Use of natural minerals as protective barriers of bacteria for self-healing mortar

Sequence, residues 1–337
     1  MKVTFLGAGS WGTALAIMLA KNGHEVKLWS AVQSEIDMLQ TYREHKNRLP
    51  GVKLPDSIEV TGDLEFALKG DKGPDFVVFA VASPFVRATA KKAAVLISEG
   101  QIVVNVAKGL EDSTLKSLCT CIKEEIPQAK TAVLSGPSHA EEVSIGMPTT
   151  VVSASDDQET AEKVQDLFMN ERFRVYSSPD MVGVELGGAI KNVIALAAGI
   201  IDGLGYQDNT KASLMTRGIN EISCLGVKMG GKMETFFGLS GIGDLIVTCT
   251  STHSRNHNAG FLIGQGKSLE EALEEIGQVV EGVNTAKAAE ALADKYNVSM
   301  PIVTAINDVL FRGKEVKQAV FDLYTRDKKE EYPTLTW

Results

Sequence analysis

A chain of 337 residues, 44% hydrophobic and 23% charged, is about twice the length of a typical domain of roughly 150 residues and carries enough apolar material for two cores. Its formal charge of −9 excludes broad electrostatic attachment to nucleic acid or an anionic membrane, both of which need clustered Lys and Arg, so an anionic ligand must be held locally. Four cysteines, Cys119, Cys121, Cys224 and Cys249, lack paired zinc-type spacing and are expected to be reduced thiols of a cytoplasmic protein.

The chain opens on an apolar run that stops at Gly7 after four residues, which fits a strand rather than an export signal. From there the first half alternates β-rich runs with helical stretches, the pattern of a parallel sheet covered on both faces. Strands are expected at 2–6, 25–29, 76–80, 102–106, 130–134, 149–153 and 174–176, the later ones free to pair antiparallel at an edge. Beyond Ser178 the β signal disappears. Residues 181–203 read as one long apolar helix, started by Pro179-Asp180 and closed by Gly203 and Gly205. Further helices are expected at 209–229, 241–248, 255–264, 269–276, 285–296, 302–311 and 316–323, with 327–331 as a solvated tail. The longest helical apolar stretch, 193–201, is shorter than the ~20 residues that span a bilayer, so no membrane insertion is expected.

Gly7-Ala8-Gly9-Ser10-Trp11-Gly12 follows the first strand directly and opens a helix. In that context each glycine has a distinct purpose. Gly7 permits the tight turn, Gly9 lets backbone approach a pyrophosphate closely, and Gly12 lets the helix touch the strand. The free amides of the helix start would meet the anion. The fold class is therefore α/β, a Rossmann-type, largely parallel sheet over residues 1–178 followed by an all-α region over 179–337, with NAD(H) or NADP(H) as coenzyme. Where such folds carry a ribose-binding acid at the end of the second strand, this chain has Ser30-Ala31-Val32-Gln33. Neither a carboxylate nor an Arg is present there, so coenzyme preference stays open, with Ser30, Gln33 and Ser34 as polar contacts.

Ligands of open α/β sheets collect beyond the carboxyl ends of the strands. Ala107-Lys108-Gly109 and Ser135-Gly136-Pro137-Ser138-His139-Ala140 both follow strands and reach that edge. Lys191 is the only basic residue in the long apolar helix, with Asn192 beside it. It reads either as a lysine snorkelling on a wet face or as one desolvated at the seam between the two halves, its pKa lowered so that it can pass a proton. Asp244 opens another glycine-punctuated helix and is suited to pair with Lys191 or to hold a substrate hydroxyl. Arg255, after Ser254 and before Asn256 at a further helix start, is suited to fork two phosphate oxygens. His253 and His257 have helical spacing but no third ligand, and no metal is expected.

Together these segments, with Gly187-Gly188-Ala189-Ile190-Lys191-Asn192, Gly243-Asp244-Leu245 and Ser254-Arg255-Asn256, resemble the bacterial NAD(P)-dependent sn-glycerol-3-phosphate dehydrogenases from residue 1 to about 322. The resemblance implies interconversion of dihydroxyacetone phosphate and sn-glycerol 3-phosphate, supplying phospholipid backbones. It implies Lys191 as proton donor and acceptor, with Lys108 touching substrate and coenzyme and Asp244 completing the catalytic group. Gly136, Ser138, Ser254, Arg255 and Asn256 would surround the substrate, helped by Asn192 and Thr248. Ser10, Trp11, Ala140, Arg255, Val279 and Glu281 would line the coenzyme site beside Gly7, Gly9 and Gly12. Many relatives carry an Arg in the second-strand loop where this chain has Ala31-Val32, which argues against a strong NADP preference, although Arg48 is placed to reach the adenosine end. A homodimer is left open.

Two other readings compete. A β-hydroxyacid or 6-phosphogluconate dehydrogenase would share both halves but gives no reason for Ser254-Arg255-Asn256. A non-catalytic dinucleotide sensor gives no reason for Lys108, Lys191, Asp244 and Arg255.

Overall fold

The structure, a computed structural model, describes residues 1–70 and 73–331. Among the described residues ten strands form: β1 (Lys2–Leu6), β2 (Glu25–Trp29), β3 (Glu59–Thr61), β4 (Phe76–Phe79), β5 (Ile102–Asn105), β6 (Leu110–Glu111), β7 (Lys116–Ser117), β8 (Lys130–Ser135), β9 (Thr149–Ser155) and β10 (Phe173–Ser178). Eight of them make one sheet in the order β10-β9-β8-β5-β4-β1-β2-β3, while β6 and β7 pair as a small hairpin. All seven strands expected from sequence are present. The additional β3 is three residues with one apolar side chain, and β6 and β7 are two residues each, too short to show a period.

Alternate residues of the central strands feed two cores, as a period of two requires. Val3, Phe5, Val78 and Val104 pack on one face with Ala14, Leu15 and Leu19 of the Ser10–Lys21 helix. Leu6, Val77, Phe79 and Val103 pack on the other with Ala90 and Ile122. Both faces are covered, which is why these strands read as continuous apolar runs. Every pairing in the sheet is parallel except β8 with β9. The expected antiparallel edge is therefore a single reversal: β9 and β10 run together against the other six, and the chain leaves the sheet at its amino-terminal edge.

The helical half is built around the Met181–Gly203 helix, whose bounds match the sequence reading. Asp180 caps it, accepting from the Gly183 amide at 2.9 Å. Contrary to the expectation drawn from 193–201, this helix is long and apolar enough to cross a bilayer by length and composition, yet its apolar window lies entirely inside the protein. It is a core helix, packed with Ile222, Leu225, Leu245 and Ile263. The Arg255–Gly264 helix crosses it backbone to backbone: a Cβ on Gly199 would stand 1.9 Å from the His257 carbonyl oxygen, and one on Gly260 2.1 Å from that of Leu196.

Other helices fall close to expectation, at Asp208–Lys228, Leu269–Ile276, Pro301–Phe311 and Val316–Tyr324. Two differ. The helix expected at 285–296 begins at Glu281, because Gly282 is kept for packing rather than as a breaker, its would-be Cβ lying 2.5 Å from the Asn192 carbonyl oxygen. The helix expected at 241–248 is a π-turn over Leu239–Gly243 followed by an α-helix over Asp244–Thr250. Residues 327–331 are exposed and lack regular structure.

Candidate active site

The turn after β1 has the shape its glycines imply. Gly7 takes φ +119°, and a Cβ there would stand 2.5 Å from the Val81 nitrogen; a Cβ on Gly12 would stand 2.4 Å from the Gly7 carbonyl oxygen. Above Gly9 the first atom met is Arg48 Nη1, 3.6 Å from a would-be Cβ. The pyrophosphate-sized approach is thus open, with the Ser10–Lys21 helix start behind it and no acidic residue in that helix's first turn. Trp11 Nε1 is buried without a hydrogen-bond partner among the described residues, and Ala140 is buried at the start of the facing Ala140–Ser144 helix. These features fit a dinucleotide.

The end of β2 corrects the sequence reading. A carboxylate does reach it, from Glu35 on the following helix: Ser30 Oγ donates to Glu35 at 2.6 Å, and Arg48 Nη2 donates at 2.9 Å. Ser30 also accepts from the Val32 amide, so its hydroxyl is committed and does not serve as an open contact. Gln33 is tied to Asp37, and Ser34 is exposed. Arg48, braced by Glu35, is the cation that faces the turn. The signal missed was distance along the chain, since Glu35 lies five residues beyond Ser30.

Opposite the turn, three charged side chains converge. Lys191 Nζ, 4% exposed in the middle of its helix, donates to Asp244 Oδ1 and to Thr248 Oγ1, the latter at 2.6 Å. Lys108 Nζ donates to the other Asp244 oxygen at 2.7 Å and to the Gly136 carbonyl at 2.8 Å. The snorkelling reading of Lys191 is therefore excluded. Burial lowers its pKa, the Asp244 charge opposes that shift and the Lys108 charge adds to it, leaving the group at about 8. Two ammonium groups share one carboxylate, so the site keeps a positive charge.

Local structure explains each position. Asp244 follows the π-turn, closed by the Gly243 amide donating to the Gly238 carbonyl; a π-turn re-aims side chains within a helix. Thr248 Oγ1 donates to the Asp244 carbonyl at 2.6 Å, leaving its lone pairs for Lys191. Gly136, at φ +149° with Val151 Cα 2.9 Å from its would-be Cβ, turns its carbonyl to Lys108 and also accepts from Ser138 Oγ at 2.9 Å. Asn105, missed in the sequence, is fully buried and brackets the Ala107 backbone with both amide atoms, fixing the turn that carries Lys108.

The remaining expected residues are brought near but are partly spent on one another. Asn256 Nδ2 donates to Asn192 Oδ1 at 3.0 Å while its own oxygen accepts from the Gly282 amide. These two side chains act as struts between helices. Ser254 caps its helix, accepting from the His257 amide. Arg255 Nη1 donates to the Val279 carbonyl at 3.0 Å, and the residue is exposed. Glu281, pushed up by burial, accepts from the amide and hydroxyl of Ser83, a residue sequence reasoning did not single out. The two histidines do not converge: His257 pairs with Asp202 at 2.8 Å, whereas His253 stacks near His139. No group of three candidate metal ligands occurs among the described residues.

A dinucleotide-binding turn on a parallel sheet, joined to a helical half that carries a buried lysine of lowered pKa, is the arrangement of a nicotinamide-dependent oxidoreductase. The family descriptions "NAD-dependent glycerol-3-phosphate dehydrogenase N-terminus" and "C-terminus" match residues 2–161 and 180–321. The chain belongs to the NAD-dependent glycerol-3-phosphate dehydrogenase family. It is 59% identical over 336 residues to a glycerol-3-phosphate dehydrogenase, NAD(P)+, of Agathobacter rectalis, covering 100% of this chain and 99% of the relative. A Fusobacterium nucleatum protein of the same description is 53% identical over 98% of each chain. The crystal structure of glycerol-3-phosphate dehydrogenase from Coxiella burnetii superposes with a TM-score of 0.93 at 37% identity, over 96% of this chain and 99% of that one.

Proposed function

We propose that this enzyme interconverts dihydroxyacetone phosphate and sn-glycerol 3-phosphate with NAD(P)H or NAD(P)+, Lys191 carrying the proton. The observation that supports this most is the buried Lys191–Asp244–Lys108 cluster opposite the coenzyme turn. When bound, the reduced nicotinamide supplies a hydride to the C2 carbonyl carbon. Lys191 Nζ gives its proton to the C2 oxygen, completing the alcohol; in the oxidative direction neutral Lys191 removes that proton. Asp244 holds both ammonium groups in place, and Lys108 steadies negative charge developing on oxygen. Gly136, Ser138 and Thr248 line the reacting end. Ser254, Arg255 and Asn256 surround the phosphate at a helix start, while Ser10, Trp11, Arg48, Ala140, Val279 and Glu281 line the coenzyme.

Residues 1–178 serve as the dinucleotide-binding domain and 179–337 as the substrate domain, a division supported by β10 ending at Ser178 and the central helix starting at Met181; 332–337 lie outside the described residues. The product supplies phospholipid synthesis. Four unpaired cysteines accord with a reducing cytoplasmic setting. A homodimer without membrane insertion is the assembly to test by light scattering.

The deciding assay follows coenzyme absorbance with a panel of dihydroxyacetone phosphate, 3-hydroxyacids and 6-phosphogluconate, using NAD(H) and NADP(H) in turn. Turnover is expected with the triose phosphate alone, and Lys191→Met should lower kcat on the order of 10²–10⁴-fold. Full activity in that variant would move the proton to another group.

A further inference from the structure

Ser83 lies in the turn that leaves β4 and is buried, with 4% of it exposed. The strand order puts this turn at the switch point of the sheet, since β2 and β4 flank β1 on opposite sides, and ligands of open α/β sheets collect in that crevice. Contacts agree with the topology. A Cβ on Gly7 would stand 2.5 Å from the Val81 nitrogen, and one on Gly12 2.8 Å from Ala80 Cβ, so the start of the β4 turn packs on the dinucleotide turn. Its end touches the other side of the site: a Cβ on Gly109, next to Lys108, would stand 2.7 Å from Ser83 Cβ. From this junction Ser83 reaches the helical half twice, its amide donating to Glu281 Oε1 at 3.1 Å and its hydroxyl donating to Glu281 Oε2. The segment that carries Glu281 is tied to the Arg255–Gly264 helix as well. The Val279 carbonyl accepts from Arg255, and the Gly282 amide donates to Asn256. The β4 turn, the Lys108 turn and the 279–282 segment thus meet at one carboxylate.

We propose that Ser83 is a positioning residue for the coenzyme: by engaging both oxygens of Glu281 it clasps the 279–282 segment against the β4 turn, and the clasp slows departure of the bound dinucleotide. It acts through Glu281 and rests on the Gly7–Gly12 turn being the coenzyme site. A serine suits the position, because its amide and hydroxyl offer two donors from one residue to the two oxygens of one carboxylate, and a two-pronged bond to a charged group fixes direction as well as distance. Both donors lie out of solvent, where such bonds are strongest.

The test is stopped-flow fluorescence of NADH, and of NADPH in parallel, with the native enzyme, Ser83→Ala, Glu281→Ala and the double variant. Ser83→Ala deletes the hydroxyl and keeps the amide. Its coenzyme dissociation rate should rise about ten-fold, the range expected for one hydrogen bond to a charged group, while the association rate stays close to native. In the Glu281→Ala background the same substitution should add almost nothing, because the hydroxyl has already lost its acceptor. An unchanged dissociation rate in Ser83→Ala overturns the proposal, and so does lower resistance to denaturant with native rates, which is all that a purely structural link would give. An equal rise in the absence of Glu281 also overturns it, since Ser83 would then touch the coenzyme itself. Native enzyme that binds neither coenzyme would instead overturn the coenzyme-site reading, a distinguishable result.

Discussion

Microcracks are one of the main reasons for decreasing service life of concrete structures. Recent research in the field of concrete materials suggested that it might be possible to develop a cement-based material that is capable of remediating microcracks by triggering biogenic calcium carbonate (CaCO3). This paper summarizes the study undertaken to investigate the influence of a 2-pahse biogenic self-healing agent on fresh and hardened properties of cement-based materials. To develop biogenic self-healing agent, S. pasteurii cells were immobilized to the locally available, lightweight and porous natural minerals such as bentonite, diatomaceous earth, and sepiolite. In addition, a portion of the minerals was saturated with a nutrient medium including urea and calcium acetate. Upon immobilization, minerals including cells and the nutrient medium were incorporated in the mortar mix. The mortar mix samples were evaluated in terms of fresh and hardened state performance such as workability, initial set and, compressive strength. Incorporation of cells, as well as the nutrient media with the minerals did not affect the initial setting of the mix negatively, however, a substantial decrease was observed in compressive strength of samples particularly prepared by minerals only including nutrient medium . However, depending on the practical application of the mortar, this two-phase immobilization system can be potentially used for self-healing.